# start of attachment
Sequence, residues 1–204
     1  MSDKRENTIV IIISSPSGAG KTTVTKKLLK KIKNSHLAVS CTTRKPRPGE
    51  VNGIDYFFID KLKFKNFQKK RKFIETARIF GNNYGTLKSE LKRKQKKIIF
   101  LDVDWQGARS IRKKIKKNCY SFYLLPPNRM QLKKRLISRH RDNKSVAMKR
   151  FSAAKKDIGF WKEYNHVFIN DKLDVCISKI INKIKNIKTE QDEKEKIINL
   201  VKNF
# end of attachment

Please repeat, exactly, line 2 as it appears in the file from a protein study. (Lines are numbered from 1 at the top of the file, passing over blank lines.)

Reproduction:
     1  MSDKRENTIV IIISSPSGAG KTTVTKKLLK KIKNSHLAVS CTTRKPRPGE